Jesuit Novitiate
Novitiate of the Euro-Mediterranean Province of the Society of Jesus

Memory notes

10 Mar 2021

Wether it is sacred or profane, light or committed, music accompanies many seasons in the life of each of us. Generally speaking, each season has its own music, singer-songwriter or group of reference, and somehow the taste and colour of certain intense memories inevitably lead to a tune or piece of music, and vice versa. From parish songs to accompanying a guitar with friends, from committed singer-songwriters to summer hits, musical genres reflect the diversity not only of the stages of a life but also, and here we should stop and think, the pieces that make up the varied mosaic of personal identity. I believe that rereading or sharing a musical journey represents a way of accessing anything but superficial layers of memory, and therefore of the history and identity of each of us.

I find this perspective to be true above all for my personal experience and sensitivity. In these first months of community life, I have often told my companions pieces of my story in more or less informal contexts, in the most important sharing sessions or simply at the table during meals. More than once I happened, or rather unconsciously chose, to pull out a song and quote a few lines or even reproduce the tune. What for some might seem a narrative device, for me was a real moment of revelation: that piece of music was, is and perhaps always will be a piece of me. How can I forget the songs by Guccini, whom I loved so much in high school? Or Sequeri’s songs that I listened to as a child in the parish? If I think about the last few years, an unsuspected ‘rock soul’ comes out (for those who don’t know me): from Led Zeppelin to Coldplay, passing through Pearl Jam.

In short, all this musical variety reflects the variety of the mosaic that I feel I am today, as a ‘historical’ path and above all as a personality. I like to think that behind this variety there is the Lord with his creativity, the true Author who creates and re-creates at every step. Just as in the experience of the people of Israel who in the memory of a relationship find the truth of what they are and what they can still be, even in the time of exile: “a song in the night returns to my heart,/ I meditate and my spirit is questioned” (Ps 77:6).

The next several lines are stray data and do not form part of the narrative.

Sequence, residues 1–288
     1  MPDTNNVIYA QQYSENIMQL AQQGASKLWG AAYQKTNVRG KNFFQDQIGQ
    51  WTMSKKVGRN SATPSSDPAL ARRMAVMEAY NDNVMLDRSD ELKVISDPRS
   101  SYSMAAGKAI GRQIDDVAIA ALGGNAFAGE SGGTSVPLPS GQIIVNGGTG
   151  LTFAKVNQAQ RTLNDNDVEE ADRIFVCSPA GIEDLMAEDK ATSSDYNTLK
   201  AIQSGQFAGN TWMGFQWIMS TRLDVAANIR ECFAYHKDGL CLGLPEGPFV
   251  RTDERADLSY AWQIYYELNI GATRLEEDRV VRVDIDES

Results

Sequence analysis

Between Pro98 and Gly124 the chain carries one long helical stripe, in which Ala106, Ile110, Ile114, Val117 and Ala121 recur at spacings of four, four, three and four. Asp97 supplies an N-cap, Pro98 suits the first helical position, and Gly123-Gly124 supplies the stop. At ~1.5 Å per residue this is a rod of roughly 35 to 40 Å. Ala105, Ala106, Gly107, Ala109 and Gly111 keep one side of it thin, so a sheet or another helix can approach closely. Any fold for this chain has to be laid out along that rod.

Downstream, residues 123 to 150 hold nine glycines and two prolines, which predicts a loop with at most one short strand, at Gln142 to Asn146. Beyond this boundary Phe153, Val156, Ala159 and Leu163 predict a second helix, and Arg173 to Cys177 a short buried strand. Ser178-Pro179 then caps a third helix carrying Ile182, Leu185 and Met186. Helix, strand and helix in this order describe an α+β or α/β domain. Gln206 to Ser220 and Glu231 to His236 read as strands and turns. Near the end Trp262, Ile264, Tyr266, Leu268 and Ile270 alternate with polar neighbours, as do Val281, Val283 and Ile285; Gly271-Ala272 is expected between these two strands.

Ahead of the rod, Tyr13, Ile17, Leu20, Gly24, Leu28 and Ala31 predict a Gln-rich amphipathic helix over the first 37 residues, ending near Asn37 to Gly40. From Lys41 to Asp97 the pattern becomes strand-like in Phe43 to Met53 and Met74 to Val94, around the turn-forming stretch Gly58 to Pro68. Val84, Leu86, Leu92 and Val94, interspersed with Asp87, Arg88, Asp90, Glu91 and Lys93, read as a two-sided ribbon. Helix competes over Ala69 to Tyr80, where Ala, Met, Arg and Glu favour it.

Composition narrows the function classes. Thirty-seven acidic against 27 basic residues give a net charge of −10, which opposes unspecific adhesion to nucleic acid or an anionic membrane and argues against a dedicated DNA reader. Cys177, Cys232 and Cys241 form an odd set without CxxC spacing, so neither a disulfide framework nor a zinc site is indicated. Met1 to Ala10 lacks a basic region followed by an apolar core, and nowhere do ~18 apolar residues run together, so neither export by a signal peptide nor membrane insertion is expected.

2021-03-10 Christian Lefta – first year novice

When prayer becomes…preparing breakfast

by Alessandro Di Mauro

During novitiate life it happens, on a rotating basis, that we have to prepare breakfast for everyone before starting individual morning prayer. In such cases, one of us needs to wake up a little earlier than the others to be able to reconcile preparation time and meditation time. I have sometimes wondered if it is really necessary for us to be present when doing this service or if there is a deeper reason for doing it.

For some time now, when the alarm clock rings in the morning, I often feel, in my heart, the desire to meet the Lord during my personal prayer and in the Eucharistic celebration that we live daily. I have, however, realised that even when I have to anticipate the alarm clock for breakfast, the desire does not change and it almost seems to me that this also enters into the dynamic of meeting Him.  A question then arises for me: is it possible that even the act of preparing breakfast for everyone is somehow part of a form of prayer? To answer this question, I immediately ask myself another: what is the meaning of Christian prayer? I believe that prayer is an encounter with the Lord to deepen more and more the communion of life with Him. As St Teresa of Avila used to say, it is the moment when I meet the Beloved. On the other hand, if we read the Gospels, Jesus himself often stopped to pray alone in the intimacy of dialogue with the Father, so much so that it triggered the Apostles’ desire to understand how to pray: ‘Lord teach us how to pray’. What needs prompted them to make this request? Certainly the example of Jesus must have been a driving force: as the Master prays, it is good that we also pray; but I believe, first and foremost, they had the desire to experience the same encounter as Jesus with God the Father. In prayer, therefore, two freedoms meet, that of the believer who seeks the Lord and that of God who has the desire to be heard by those who pray to him. This is also the reason why it is, often, complicated to pray, because on the one hand there is a supernatural dynamic, whereby prayer is a gift from God, for which one’s heart must be prepared; on the other hand it is a human encounter that takes place in ordinary life, a challenge to recognise God’s voice that is often covered by the din of everyday life.

But back to breakfast! What does this have to do with its preparation? Nothing, if one approaches preparation thinking that the purpose is to have some milk, coffee and tea ready on time. But if one lives this operation savouring every single moment of it – from picking up the coffee pots to preparing them, to hearing the whistle of the coffee ready and enjoying the heat that the vapours give off when it is poured into the thermos – thinking that this gesture will be of help to the brethren, to those whom the Lord has placed beside him, something changes. By living the preparation in this way, even these gestures can become an encounter with God the Father, for whom I recognise in the other a brother for whom it is well worth losing half an hour of sleep.

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